Forum for Science, Industry and Business

Sponsored by:     3M 
Search our Site:

 

New lasik research reveals unexpected finding: Key to better-than-20/20 vision is in the flap

13.04.2005


Surgeon’s choice of laser or blade for corneal flap plays role in visual outcome of procedure

New scientific data being presented at this year’s ASCRS meeting reveals the key to a better-than-20/20 outcome in LASIK surgery may depend on whether your doctor uses a blade or a laser to create the corneal flap in the first step of the procedure.
"It turns out that the flap that we make in LASIK is not an innocent bystander," says Roger F. Steinert, M.D., 2005 ASCRS president, professor of ophthalmology, professor of biomedical engineering, director of cornea, refractive and cataract surgery, and vice chair of clinical ophthalmology at University of California, Irvine.


"We now have data validating something we suspected for the past year but hadn’t firmly proven, which is that the rate of achieving high levels of vision is better with the IntraLase laser than with the conventional metal microkeratome. On theoretical grounds we knew flap creation with IntraLase would be safer, and its performance bore that out. But we didn’t anticipate seeing a difference in actual vision. Multiple studies now show higher rates of 20/20, higher rates of better than 20/20, and that Custom treatments show better results as well."

Research Summation

LASIK has always been a two-step process. In the first step, the surgeon makes a thin flap and folds it back for the second step, where an excimer laser is used to ablate corneal tissue for vision correction.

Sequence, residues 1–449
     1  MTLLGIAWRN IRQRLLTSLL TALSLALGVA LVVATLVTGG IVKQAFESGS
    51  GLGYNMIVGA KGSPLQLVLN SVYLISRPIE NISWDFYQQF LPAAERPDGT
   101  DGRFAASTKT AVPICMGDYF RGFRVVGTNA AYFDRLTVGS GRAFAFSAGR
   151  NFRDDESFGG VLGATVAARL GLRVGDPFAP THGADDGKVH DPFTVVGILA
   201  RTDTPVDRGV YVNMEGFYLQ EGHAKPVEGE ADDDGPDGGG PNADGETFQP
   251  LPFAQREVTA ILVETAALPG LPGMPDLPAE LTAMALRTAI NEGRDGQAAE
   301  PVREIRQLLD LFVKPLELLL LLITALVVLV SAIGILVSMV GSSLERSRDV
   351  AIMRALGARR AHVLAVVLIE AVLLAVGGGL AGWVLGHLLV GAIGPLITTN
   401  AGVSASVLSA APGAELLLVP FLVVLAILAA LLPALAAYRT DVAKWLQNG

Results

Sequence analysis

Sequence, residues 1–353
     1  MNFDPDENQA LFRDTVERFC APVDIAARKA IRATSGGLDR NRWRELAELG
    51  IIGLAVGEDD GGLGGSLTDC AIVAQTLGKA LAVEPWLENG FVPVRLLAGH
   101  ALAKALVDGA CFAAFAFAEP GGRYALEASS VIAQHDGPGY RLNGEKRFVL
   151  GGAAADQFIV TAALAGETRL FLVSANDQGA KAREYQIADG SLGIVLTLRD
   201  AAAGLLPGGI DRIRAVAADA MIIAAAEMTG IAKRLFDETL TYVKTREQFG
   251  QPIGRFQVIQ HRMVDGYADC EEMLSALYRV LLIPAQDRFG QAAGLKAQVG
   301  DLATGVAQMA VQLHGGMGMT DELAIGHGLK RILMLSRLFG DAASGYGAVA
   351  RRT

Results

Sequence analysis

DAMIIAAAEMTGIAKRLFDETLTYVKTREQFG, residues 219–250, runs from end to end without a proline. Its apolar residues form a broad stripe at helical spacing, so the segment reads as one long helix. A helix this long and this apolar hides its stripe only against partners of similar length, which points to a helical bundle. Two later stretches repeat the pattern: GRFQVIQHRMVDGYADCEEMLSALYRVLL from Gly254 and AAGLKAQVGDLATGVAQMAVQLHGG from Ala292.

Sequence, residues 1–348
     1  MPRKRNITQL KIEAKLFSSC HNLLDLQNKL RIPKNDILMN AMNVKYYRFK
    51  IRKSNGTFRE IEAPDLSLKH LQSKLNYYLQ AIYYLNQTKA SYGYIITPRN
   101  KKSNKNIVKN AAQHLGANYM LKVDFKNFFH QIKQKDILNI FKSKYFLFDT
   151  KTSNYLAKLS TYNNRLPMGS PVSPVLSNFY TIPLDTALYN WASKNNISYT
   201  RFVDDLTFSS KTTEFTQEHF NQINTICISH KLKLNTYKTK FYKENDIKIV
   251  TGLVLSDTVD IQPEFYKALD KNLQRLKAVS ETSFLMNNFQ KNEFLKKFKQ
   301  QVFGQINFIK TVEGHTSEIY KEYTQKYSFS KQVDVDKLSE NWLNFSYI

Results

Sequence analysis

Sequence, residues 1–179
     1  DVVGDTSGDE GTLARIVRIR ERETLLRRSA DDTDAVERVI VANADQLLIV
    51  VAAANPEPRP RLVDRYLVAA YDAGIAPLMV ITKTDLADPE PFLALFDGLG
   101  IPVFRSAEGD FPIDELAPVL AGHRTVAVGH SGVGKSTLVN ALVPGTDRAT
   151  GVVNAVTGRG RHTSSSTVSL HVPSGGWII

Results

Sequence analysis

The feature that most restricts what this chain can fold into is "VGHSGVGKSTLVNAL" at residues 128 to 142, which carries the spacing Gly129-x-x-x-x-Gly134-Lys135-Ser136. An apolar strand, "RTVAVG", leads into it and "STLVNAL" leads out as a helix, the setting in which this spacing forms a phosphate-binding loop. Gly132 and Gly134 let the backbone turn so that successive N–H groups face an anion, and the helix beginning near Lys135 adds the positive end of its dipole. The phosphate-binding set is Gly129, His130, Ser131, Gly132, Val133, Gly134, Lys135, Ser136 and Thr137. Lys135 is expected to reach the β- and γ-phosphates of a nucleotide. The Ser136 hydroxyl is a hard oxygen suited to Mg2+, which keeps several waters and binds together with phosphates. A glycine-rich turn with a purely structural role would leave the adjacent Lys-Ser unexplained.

• Until now, advancements like Custom LASIK and Wavefront have focused on improving the second step (precision of tissue ablation). But new research shows the importance of the first step on visual outcomes. The discovery was made when surgeons began using a new laser, instead of the hand-held microkeratome blade, to create the corneal flap.

  • Doctors found that in addition to fewer complications, more patients achieved vision better than 20/20 -- up to 20/15 and even 20/12.5 -- when the IntraLase laser was used in the first step.

  • When the microkeratome was used to make the corneal flap, surgeons found a greater incidence of high and low spots and irregular hydration on the corneal surface, factors that can compromise the tissue ablation, and with it the visual outcome.

  • Multiple clinical studies show the IntraLase laser provides for better vision by creating an optimal corneal surface under the flap, allowing for more precise vision correction.

Kimberly Goolsby | EurekAlert!
Further information:
http://www.goolsbygroup.com

More articles from Health and Medicine:

nachricht Researchers release the brakes on the immune system
18.10.2017 | Rheinische Friedrich-Wilhelms-Universität Bonn

nachricht Norovirus evades immune system by hiding out in rare gut cells
12.10.2017 | University of Pennsylvania School of Medicine

All articles from Health and Medicine >>>

The most recent press releases about innovation >>>

Die letzten 5 Focus-News des innovations-reports im Überblick:

Im Focus: Neutron star merger directly observed for the first time